Seniors learn to connect in increasingly digital world


Barbara Greer, a retired secretary, reviews her current project that she created for a family member using a program called ProShow Gold at her home in Newark. More and more seniors are taking the plunge into the world of computers.

NEWARK — Five years ago, it was a lot easier for seniors to leave computing to others, leading an unplugged life like the one they long knew.

But now, observers say, people who want to communicate with their far-away grandchildren, take and archive photographs, buy music and order home movies increasingly have no choice but to take the plunge.

For newcomers to the computing life, the divide can be like walking through a foreign country, said Veronica Rempusheski, professor of nursing at the University of Delaware.

Many seniors don’t know what the symbol for “attachment” means, or that a big “E” stands for Internet Explorer, a starting point for Web browsing — or that there’s that other symbol for Mozilla Firefox, which will also connect to the Web, she said.

“Anyone can live without anything,” she said. “We can live without TV, but if your relationships with grandchildren, keeping in touch no matter where they are in the country, is important, you attempt to do whatever you need to do.”

Taking the first step can be daunting, but there are ways to ease the transition.

On a recent Thursday, nearly 100 members of the over-50 set packed into a conference room at the Newark Senior Center to hear a presentation from Bob Bloom on watching television shows over the Internet.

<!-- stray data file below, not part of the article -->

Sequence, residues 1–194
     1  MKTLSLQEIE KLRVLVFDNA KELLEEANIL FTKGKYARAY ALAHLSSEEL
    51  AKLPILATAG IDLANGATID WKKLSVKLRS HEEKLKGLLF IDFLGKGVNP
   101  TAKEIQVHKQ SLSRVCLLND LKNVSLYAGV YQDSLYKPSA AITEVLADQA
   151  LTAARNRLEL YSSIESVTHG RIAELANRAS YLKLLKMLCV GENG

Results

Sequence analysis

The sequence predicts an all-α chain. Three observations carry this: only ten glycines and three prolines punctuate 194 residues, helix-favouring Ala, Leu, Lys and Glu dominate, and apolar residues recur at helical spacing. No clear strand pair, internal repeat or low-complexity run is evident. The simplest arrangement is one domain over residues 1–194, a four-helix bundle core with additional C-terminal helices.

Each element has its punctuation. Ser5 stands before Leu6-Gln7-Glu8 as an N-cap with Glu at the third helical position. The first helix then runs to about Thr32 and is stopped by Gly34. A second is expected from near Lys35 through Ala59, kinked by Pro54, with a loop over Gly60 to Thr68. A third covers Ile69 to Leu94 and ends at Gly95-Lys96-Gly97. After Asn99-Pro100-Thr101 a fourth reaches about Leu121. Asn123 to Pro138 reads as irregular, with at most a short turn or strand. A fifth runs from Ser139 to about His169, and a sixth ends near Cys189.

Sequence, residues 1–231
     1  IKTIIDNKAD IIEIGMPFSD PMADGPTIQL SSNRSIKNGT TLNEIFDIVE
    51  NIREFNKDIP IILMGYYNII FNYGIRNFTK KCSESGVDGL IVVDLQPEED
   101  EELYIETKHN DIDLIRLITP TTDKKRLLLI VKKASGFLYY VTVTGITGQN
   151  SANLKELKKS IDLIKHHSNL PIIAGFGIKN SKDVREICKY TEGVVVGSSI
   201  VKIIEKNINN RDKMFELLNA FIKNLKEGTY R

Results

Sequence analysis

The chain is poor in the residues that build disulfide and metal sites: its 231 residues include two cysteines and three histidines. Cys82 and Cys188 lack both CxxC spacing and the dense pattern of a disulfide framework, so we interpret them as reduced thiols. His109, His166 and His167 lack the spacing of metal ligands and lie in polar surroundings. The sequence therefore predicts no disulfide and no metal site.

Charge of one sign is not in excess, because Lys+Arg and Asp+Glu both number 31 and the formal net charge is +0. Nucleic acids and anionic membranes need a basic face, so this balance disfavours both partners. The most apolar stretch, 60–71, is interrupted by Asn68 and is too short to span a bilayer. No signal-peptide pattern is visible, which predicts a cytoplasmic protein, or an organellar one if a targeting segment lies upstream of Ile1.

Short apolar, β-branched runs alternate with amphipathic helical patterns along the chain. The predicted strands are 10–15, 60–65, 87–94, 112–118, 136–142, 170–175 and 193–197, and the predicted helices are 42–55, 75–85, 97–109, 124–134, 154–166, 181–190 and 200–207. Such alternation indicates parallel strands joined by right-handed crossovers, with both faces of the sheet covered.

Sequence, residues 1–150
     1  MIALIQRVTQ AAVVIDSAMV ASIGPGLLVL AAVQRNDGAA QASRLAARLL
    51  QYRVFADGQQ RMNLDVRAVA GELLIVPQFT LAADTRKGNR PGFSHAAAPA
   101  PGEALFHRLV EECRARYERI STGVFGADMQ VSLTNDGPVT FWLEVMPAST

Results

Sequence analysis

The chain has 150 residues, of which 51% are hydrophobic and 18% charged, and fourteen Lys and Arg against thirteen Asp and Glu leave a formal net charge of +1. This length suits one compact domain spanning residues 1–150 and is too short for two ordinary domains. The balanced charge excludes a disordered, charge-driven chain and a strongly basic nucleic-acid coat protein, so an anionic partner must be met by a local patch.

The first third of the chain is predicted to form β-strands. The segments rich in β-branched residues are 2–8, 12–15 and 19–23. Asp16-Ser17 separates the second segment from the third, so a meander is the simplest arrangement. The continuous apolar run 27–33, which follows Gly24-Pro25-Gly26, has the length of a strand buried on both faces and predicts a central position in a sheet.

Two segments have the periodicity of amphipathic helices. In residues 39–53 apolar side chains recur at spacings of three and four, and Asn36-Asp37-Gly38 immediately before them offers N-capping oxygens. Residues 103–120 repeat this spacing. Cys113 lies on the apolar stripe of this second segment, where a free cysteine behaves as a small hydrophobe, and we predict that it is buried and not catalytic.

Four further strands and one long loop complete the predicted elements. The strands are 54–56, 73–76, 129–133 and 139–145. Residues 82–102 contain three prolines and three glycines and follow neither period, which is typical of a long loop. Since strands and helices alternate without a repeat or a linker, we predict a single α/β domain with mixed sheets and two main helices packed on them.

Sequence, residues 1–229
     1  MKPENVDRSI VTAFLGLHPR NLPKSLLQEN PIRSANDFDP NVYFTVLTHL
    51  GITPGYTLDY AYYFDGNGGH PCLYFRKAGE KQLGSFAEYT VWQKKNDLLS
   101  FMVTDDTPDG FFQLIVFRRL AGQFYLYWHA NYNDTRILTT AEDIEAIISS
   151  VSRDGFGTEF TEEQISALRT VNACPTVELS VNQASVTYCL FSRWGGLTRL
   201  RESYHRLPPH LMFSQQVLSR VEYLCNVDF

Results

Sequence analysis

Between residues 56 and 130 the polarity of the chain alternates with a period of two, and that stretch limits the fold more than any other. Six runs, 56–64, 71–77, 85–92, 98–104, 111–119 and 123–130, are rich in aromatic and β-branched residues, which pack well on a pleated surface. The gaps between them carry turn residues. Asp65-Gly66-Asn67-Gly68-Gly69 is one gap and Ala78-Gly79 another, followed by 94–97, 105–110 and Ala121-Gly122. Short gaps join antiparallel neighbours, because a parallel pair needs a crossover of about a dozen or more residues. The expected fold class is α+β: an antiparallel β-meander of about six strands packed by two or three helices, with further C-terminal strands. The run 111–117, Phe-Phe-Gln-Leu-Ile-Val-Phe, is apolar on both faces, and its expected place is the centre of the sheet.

Bloom is vice president of the Senior Surfers Computer Club. The group has weekly presentations at the senior center on trends in computing and offers classes for starters and advanced users.

To watch an online clip of CBS’ new comedy “How to Be a Gentleman,” the group sat through 30 seconds of advertising, which Bloom said illustrated a point.

“One is not going to get away from advertising,” even when they’re not watching shows on a physical television, he told the gathering.

A Senior Surfers board member, Helen Browne, a retired software instructor, said playing the card game solitaire is a good way for seniors to start using a computer. It will introduce them to using a mouse, she said.

For every senior that used a computer for his or her job, there’s a woman who never worked a day job or a man who relied on his secretary, she said.

In Photo, Barbara Greer, a retired secretary, reviews her current project that she created for a family member using a program called ProShow Gold at her home in Newark. More and more seniors are taking the plunge into the world of computers. / SPECIAL TO THE NEWS JOURNAL/SAQUAN STIMPSON

Leave a Reply

Fill in your details below or click an icon to log in:

WordPress.com Logo

You are commenting using your WordPress.com account. Log Out / Change )

Twitter picture

You are commenting using your Twitter account. Log Out / Change )

Facebook photo

You are commenting using your Facebook account. Log Out / Change )

Google+ photo

You are commenting using your Google+ account. Log Out / Change )

Connecting to %s